But even with that dynamic in play, there was a richness, and even a mischievous element, to his relationships with Abe and Jo (who was only let into the secret in the final episode, off camera), the police commanding officer Lt. Joanna Reese (Lorraine Toussaint) and his sidekick in the Medical Examiner’s office, Lucas (Joel David Moore) that gave the show far more emotional heft than it might otherwise have had.
2. The flashbacks
250 years in a long time full of many life lessons, regrets and fond memories, and each episode came packed with flashbacks to a part of Henry’s life that either gave him insights into the case at hand, or more importantly, spoke to the inner turmoil of a man condemned to live while others die, culture changes and the world re-invents itself over and over.
The flashbacks were never clunky or overstayed their welcome and augmented the plot at hand perfectly in a way that many other shows could learn from.
3. An overarching conspiracy
What show worth its salt doesn’t have a wider conspiracy at play underneath the week-to-week shenanigans.
Well, most, if not all police procedurals usually.
Forever was different with Henry being variously taunted, helped and yes even killed – only ever temporarily; he would always awake seconds later, naked, in water, often in embarrassingly-exposed conditions – by a fellow immortal Adam aka Lewis Farber (Burn Gorman), a man who it emerged right at the end had died in 44BC right when Julius Caesar had breathed his last, 23 knife wounds puncturing his body.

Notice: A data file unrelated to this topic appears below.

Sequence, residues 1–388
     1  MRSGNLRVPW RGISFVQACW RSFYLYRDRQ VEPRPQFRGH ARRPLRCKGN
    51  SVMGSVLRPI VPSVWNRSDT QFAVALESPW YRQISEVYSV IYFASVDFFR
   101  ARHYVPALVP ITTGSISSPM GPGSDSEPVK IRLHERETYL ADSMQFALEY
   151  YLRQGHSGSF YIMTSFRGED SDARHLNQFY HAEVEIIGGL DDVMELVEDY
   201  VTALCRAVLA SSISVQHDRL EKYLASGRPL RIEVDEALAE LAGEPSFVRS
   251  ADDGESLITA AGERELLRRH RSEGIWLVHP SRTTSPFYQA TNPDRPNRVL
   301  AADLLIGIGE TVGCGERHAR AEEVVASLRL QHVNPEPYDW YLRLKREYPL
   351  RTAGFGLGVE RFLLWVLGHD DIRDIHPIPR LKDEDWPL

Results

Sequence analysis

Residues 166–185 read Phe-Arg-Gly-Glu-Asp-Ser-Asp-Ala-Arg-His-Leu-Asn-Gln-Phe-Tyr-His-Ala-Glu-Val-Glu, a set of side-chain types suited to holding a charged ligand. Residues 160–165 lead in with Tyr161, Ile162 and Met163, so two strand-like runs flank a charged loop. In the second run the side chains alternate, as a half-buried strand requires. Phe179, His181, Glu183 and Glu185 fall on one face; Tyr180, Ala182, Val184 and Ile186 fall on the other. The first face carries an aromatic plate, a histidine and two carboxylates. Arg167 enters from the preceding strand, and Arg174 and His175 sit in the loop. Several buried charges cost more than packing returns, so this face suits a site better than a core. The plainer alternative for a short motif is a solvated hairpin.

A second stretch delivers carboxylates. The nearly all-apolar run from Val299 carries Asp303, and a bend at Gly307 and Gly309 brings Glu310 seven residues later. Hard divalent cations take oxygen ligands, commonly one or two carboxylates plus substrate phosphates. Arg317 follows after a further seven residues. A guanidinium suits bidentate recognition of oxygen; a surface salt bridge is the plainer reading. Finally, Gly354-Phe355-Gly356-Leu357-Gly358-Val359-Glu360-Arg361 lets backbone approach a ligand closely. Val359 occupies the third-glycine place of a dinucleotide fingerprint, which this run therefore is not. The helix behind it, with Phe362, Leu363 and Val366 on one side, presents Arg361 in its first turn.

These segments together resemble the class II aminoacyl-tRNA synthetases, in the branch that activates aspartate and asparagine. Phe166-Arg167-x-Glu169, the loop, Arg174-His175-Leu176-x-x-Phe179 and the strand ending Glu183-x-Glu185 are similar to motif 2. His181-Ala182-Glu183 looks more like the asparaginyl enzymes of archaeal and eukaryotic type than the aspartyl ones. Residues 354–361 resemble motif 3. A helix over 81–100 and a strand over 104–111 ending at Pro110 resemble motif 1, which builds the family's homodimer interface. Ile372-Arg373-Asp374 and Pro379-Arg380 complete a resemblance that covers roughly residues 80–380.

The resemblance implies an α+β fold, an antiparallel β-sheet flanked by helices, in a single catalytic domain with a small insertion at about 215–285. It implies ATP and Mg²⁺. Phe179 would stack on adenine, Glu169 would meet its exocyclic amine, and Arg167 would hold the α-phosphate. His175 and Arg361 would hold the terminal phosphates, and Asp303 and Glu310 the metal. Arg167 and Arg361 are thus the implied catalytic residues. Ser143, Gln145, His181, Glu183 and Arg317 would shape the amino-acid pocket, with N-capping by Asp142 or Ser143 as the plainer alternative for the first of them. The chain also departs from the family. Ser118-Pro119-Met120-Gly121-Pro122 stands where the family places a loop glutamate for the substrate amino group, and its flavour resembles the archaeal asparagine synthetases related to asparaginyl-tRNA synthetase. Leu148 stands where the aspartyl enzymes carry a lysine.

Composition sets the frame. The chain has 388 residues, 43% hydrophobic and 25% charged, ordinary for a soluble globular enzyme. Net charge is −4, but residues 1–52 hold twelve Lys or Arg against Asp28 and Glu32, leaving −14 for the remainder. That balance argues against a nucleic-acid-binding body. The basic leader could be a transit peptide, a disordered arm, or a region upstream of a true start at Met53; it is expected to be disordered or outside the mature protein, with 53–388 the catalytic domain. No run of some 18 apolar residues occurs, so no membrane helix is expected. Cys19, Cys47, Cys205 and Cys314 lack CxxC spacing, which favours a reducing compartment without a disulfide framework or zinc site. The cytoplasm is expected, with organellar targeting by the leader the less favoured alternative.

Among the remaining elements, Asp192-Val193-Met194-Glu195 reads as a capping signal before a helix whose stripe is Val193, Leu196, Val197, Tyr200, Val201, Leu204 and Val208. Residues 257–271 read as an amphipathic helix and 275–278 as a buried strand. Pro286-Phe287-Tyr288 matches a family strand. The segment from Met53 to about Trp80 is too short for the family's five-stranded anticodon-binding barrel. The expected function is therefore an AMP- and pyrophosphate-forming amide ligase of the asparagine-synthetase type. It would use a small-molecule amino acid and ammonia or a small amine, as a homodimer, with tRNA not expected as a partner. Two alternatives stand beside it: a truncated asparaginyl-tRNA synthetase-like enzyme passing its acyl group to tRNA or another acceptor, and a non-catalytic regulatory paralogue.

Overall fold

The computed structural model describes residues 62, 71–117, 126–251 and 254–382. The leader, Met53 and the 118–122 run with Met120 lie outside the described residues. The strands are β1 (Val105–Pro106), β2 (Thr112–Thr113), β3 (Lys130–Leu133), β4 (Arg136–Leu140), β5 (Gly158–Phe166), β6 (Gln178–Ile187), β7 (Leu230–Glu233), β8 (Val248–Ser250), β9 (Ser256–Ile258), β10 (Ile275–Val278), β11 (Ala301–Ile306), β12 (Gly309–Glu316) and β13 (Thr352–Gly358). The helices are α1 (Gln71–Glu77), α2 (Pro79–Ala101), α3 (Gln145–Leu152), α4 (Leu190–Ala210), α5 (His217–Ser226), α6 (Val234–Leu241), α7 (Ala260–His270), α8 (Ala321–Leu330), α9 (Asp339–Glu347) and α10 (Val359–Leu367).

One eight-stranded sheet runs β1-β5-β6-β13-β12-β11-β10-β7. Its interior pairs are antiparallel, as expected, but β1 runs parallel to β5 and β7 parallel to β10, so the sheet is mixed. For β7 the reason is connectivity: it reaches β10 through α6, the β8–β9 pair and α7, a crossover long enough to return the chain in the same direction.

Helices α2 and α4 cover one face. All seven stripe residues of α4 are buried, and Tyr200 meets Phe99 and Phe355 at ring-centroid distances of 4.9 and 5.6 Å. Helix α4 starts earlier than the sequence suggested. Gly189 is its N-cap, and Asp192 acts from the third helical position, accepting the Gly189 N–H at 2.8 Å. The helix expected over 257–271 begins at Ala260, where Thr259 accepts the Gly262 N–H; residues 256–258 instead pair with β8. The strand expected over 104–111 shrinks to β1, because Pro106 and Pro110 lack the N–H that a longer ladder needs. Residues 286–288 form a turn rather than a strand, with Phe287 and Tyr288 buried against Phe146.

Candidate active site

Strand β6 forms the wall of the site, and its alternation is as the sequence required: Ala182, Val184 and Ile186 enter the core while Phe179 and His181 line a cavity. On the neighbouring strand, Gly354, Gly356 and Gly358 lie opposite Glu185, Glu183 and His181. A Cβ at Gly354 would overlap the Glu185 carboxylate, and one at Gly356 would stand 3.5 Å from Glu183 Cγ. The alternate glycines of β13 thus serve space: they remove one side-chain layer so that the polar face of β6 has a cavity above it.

It was never really confirmed if he was the other big J.C. of history, especially after Henry incapacitated him in the final episode, but he was a worthy adversary, desperate to find a way to actually die, and triggered many of Henry’s epiphanies, all of which made him a better man.
4. The Immortality
It certainly gave Henry an edge.
He could be killed by serial killers, almost killed by suspects and place himself in mortal danger to find a elucidate a clue or find some important evidence, and as long as no one saw him die, he could simply pop after he’d resurrected and solve, or at least, advance the case.
Sure it was a gimmick but a well-used gimmick that added to the richness and complexity of Henry’s character and have the show that extra layer of substance and intrigue.
5.Clever cases of the week
These are the bread and butter of police procedurals and could have easily been the same old thing week after week but Forever, under the stewardship of creator Matt Miller did a mighty fine job of adding a suitable number of twists and turns and ensuring that no two cases were ever the same.
Some cases, in fact many, linked back in some way to Henry and Abe, including one in which they finally discovered what had happened to Abigail, who’d left Henry in her ’70s to start a new life, unable to deal with the great immoral/mortal divide that both bonded and separated them in equal measure.
It may not have had quite the revolutionary police procedural renewal power of Grimm, but it came close, giving us the comfort of justice served but with a tantalising reminder that life is never really that clean and tidy.
It had intelligence, freshness, wit and real human insight, a remarkably different take on a genre not known for taking chances of any kind.